Former leader of the SDLP, John Hume, has died, his family have announced in a statement.

He was 83 years old, and passed away after a short illness. He had lived with dementia for several years and was rarely seen in public in recent years.

Hume led the SDLP from 1979 to 2001, and won the Nobel peace prize alongside Lord David Trimble for their work on the Belfast Agreement signed on Good Friday, 1998.

Before entering politics, Hume served as President of the Irish League of Credit unions, having founded Derry Credit Union in his youth.

He was elected to the Stormont Parliament in 1969, and to the House of Commons for the Foyle constituency in 1983. He held the seat until 2005. He served concurrently as MEP for Northern Ireland from 1979 until 2004, where he is said to have forged a close and cordial working relationship with Ian Paisley, then leader of the DUP, and the most hard-line voice of mainstream unionism at the time.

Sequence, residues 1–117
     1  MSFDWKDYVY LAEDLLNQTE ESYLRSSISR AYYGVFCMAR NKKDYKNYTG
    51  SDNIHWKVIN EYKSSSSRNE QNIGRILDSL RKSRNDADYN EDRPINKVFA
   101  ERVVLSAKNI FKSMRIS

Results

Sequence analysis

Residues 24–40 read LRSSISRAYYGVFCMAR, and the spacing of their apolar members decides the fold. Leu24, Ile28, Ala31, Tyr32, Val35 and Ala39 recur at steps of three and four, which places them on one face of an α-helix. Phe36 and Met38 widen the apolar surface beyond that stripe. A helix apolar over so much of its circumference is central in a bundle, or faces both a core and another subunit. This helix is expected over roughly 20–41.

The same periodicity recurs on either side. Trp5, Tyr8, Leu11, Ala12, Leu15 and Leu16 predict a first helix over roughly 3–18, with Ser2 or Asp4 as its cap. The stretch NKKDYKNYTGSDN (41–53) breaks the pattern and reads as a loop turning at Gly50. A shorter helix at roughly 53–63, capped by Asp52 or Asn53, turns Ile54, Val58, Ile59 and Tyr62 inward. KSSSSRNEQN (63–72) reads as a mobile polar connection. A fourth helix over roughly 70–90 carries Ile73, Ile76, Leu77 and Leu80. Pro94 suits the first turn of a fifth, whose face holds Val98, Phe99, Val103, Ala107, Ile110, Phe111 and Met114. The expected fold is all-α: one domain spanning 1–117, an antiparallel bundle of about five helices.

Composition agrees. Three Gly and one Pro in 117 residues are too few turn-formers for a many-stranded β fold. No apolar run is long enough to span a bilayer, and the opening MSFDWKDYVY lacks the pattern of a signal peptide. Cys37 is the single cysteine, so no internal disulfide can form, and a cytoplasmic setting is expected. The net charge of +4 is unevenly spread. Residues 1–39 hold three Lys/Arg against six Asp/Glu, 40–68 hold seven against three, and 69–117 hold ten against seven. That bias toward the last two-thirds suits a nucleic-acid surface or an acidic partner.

Throughout his career, he was involved in talks with the British Government to try and bring about a political resolution to the violence plaguing Northern Ireland. He had a hand in the Anglo-Irish agreement of 1985, and, despite its rejection by Unionism, he continued to work throughout the 1980s and early 1990s for all-party talks to end the conflict.

The so-called “Hume-Adams process”, whereby Hume acted as a mediator between the IRA and the two Governments, eventually led to the agreement on Good Friday, which formed the basis for the disarmament of the IRA, the withdrawal of British troops, and the sustained peace in Northern Ireland.

Paying tribute this morning, the Taoiseach, Micheál Martin, said that Hume was a “towering figure”:

Northern Irish first Minister, Arlene Foster, also paid tribute:

May he rest in peace.